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Reddit should go public at $5B, according to secondary data

Reddit ipo v3

Reddit should go public at $5B, according to secondary data

Reddit ipo v3

Reddit filed its S-1 last week and is set to take the bold step of being the first venture-backed public listing of 2024. If successful, Reddit has the power to open the IPO window for other late-stage startups anxiously waiting in the wings. But to have any chance of sparking an exit trend, it needs to get one thing right: its valuation.

Investors who buy at the IPO want upside on their investment, so Reddit has to price itself at the sweet spot where shares don’t look undervalued but also have room to ascend. If Reddit prices too high out the gate, it loses out on potential buyer interest and could trade down from its IPO valuation instead of building momentum.

So what price should Reddit target? Secondary investors told TechCrunch that Reddit could have a pretty good shot at a successful IPO if it prices itself at $5 billion or less, even though that means some of its more recent investors are going to receive pennies on the dollar if they get any return on their investment at all.

Reddit’s most recent primary round in 2021 raised $410 million at a $10 billion valuation from investors, including Fidelity, Quiet Capital and Montauk Ventures, among others. The market has obviously changed since then, and going out at that $10 billion valuation wouldn’t be smart. Investors say $5 billion is the correct number for a variety of reasons.

That sweet spot

Javier Avalos, co-founder and CEO of Caplight, a secondary data tracking platform, said that going out at $5 billion would be a realistic price based on the company’s $800 million yearly revenue, as reported in its S-1 filing. He added that a $5 billion valuation would equate to a mid-single-digit revenue multiple, which is realistic for both today’s public market and what other companies in Reddit’s category tend to trade around.

“The valuation was way overvalued in the August 2021 round that they did,” Avalos said. “As the valuation went further and further down, it started to get more attractive from a pure revenue multiple as opposed to public comps.”

The other critical data point that supports the $5 billion valuation is secondary activity. Greg Martin, co-founder and managing director at Rainmaker Securities, said that recent secondary deals he’s seen price the startup between $4.8 billion and $5 billion. Caplight data showed that interested investors submitted bids for shares that value the company around $5 billion.

Secondary data is very telling here as the investors who are buying secondary shares in a company this close to an IPO are only going to come in at a valuation they expect will increase at, and after, its exit.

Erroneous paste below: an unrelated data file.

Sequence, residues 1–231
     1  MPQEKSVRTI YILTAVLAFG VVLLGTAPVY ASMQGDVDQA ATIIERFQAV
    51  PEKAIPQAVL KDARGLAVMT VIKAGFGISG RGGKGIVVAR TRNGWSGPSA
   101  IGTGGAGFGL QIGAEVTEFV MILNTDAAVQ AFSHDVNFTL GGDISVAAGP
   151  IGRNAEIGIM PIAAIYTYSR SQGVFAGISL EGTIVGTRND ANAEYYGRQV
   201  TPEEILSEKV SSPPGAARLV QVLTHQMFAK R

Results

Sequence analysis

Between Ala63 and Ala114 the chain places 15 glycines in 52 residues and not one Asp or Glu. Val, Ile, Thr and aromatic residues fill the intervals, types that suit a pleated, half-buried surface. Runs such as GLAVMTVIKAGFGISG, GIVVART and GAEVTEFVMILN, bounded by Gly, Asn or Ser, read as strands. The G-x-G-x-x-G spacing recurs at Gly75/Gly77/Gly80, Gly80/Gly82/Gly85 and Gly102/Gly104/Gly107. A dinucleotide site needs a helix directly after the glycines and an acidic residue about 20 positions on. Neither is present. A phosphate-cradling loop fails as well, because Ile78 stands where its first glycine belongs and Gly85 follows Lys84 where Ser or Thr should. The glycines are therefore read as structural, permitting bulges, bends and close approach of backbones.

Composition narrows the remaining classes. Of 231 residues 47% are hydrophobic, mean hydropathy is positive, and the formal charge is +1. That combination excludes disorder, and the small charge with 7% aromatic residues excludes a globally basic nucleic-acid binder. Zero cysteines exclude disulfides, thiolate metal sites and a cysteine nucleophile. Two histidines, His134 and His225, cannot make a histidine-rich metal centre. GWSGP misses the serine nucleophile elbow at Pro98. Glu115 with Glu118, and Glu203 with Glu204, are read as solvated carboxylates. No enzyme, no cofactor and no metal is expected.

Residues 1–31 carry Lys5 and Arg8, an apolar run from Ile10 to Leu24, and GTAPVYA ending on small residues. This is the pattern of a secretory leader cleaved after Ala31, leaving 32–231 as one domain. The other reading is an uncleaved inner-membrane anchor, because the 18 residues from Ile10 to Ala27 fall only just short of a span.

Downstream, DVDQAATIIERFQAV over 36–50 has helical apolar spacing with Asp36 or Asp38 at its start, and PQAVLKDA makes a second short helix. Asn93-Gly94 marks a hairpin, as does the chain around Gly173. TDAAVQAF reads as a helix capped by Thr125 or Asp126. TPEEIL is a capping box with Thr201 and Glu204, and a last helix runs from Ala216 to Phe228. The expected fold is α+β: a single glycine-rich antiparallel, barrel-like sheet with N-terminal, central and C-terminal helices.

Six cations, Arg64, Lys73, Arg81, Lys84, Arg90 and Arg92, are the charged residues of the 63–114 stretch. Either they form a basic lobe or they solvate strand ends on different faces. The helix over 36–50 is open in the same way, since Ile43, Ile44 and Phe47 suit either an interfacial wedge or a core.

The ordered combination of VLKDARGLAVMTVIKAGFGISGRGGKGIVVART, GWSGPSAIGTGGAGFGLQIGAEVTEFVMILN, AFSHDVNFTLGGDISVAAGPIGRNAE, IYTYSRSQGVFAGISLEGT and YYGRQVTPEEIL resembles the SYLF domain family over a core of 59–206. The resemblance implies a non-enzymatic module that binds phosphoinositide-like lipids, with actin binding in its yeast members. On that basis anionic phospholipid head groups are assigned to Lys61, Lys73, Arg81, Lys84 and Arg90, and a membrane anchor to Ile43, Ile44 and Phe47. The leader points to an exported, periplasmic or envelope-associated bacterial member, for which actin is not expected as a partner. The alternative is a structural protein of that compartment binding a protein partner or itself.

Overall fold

What happens next

The $5 billion valuation that Reddit may pursue is not risk-free. Even with the valuation dropped down to $5 billion, there hasn’t been a huge influx of secondary activity to the startup. Martin said this isn’t necessarily a bad thing, but it isn’t good, either.

Reddit offering shares to its top users is likely a ploy to avoid the stock entering meme-trading territory, Martin said. He thinks the lack of secondary and crossover investor interest in its shares today plays a factor into the company wanting its users to drum up early trading momentum.

“[Reddit] is not something that has been trading very aggressively. It’s kind of ho hum; people aren’t seeing a ton of upside,” Martin said. “The reason they come into secondary market is they want to get in before the IPO pop. You really have to believe there is an IPO pop; I don’t think people are feeling that with Reddit.”

No anticipated pop on IPO day is likely why Klaviyo and Instacart aren’t thought of as huge success stories or as the catalysts for the IPO window to reopen as many had hoped. John Avirett, a partner at StepStone, said Reddit should see more success if it tries to avoid that strategy.

“Bankers and management are really trying to make sure the valuation they go out at are not at levels where the company will have a difficult time maintaining those valuations,” Avirett said. “You have to underpromise and overdeliver in a consistent manner to bring those metrics up.”

While there are reasons why Reddit might try to price over $5 billion, it may be looking to latch on to the “halo” effect of its new AI deal with Google, Martin said. Or it could be trying to bring some liquidity to those late-stage investors who are positioned to likely get nothing if it goes out at $5 billion. Investors hope it doesn’t.

The secondary investors agreed that if Reddit prices low, it has enough revenue and enough of a household name — and, according to Martin, its users are undermonetized enough — to actually have a good shot at a successful IPO. This would be a good thing, not just for Reddit but also for the venture and secondaries industries.

“If Reddit comes out and prices its IPO to sell, meaning they price it in a way where they do well on the first day, that changes the math on a whole cohort of IPO candidates that [could] rush out and try to get out before the summer months,” Avalos said.


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